The infamy James’ murder gives Ford is not what he wanted, but it’s what he got. Ford’s one track mind didn’t allow him to see past his goal and realize that major repercussions were lying in wait to ambush him and ruin his dreams. Consequently, Ford lives in fear of the gunshot that will do him in, as killing James brought the focus clearly down on him. I was wondering throughout the film about James’ first lines. If a man saves another and he takes on his responsibilities, then what does he take on when one kills another? Fuller consistently hits home throughout the film that the burden of murder is a heavy one and one that doesn’t lend itself to rash decisions. The final gunfight portrays this visually, in ways unseen in westerns before. The scene was filmed in broad daylight in the middle of the street, but the characters face off completely in the dark shadows coming from the buildings. Killing is dark business and Fuller’s choice shows it for what it is and does nothing to glorify it.

The barfight in the film holds true to Fuller’s trademark use of quality stuntman and filming the action from afar for greater effect. It’s the equivalent of Hong Kong martial arts films where the fighters are shot with their entire bodies in frame for lengthy takes. You can’t fake it through editing this way and Fuller knew it. This fight isn’t as intense or exciting as the subway fight in Fuller’s later film Pickup on South Street, but it foreshadows Fuller’s desire to create something different with his films right from his début.

My only real complaint with this one is that Cynthy’s romantic shift is handled sort of clumsily. It paints her as a weak character, and one that latches on to someone in her hour of need, instead of actively choosing. I have to wonder if after the credits rolled, Cynthy doesn’t get tired of her new beau and continue searching for the reckless outlaw she loved, forever lost when Ford chose to murder James. I Shot Jesse James isn’t the best film you’re ever going to see, nor is it much of a western. It is a wonderful, tortured story of the coward Robert Ford who will forever be defined by his actions on that fateful day. It is a fantastic début for Fuller and one that got the attention of many. Recently released for the first time on DVD by Criterion, I Shot Jesse James is well made and very much recommended.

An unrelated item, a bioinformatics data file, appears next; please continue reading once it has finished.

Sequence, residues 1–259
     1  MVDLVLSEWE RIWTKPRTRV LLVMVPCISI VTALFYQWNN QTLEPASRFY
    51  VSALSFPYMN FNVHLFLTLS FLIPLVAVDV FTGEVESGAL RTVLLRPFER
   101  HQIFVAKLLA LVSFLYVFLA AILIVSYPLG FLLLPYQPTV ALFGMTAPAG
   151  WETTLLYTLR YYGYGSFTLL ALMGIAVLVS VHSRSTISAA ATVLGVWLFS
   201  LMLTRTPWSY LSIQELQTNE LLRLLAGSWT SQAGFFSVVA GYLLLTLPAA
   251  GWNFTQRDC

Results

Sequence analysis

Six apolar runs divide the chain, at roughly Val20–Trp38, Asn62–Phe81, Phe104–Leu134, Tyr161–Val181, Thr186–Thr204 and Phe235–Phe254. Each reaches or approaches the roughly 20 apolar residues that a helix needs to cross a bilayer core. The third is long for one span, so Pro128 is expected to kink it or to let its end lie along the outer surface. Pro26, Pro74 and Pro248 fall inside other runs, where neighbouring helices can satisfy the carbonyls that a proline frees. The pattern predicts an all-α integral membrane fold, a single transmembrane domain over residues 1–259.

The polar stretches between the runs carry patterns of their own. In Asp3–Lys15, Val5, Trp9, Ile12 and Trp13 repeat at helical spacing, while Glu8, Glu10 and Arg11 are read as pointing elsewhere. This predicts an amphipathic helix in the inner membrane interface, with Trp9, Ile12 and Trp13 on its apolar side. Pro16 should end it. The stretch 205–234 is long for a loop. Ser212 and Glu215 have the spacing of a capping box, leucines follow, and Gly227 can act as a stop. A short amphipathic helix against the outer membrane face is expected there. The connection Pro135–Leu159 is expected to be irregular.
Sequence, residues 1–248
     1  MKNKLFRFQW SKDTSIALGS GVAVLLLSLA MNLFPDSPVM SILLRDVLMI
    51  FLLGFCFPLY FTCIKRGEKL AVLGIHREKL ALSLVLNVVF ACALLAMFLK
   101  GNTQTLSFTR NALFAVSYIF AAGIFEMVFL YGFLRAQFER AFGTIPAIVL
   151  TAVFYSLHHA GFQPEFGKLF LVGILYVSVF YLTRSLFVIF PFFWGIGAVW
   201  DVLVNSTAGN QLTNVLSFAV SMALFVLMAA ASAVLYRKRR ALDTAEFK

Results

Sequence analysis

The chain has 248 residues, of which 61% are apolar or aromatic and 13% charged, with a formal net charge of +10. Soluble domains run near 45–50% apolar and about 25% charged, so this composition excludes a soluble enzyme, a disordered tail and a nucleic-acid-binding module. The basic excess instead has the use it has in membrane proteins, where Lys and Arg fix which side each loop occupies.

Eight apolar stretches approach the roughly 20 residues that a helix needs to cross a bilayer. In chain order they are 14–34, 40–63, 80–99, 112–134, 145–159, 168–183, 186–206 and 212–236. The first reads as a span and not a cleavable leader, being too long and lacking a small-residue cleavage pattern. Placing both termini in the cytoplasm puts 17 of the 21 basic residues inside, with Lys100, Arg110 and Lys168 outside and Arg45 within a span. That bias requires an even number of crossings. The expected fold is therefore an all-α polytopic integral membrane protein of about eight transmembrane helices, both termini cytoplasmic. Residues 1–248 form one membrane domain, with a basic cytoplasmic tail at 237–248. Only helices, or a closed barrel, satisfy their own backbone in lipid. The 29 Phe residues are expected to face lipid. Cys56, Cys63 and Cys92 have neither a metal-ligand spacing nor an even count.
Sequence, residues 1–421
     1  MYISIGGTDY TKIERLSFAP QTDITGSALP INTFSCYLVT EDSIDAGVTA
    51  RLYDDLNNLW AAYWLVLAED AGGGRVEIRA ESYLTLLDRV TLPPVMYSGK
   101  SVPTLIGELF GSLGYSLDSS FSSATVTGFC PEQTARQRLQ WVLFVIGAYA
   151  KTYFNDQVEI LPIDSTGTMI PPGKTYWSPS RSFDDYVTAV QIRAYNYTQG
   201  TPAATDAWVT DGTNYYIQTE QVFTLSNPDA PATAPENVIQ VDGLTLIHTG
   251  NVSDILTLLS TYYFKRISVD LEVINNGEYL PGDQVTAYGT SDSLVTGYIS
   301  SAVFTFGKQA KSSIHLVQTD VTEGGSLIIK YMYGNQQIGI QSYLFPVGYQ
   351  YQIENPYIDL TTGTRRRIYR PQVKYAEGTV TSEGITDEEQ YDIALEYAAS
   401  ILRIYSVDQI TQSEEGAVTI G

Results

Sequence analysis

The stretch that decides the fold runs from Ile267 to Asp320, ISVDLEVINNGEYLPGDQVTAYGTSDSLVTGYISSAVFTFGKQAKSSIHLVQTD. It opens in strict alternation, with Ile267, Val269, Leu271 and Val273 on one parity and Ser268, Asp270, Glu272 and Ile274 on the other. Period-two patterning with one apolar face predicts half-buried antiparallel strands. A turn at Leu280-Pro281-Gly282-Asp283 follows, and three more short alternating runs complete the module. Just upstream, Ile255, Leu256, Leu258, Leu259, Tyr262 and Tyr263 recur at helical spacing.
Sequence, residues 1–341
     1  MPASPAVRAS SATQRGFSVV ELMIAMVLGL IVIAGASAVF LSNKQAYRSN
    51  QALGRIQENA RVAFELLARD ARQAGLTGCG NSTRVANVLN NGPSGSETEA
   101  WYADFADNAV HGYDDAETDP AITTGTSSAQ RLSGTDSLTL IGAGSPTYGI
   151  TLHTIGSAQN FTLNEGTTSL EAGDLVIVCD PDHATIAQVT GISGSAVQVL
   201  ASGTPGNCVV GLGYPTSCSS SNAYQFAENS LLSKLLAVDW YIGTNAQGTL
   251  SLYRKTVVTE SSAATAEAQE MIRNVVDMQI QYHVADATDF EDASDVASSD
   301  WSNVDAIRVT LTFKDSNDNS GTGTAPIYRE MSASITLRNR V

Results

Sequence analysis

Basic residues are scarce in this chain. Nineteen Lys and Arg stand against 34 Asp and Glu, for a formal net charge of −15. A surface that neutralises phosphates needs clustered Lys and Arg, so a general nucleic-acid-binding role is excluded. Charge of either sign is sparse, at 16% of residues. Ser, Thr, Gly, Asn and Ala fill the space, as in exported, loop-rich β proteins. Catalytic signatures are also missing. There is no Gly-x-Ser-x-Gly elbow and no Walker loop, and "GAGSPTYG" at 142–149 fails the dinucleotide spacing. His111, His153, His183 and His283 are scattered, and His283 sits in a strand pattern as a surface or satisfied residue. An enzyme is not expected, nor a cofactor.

4 comments to I Shot Jesse James (1949)

  • Uncle Jasper

    Once again I am wowed by your incredible observations on the films of Sam Fuller. Great work here. In contrast to most of his later films, this one is actually almost an exercise in understatement (at least by Sam Fuller standards)… I admit much of this is due to John Ireland’s performance, which was a difficult one to pull of, but he did so with flying colors.

    I am looking forward to more of your Sam Fuller reviews. You are doing great justice to his body of work. I’m particularly looking forward to your thoughts on his later films, which are often unfairly criticized for silly reasons. Personally I think they are among his best.

    • Thanks man! This one is fairly understated compared to the later ones I’ve seen, but I was surprised just how much his style came through in his first movie. I was expecting more of a traditional studio picture with his name on it, but he didn’t disappoint.

      I’m really excited about working my way through all his films. Haven’t decided which one to do next. I was thinking of doing Big Red One or maybe trying to go chrono from now on and do Baron of Arizona. Any thoughts? I also need to do them more frequently I think as I’ve only been doing one about every 2 months.

      • Uncle Jasper

        Well, it’s fun to go chrono because it allows you to see how a director’s vision evolved throughout the years. However, Sam Fuller is one of the few who actually remained fairly consistent over the span of his career, so I do think you’d be able to get away with jumping up and down the timeline.

        A review of the Big Red One (extended cut!) would be awesome, it definitely was one of his most personal films and I know you would be able to deliver another fantastic writeup on it.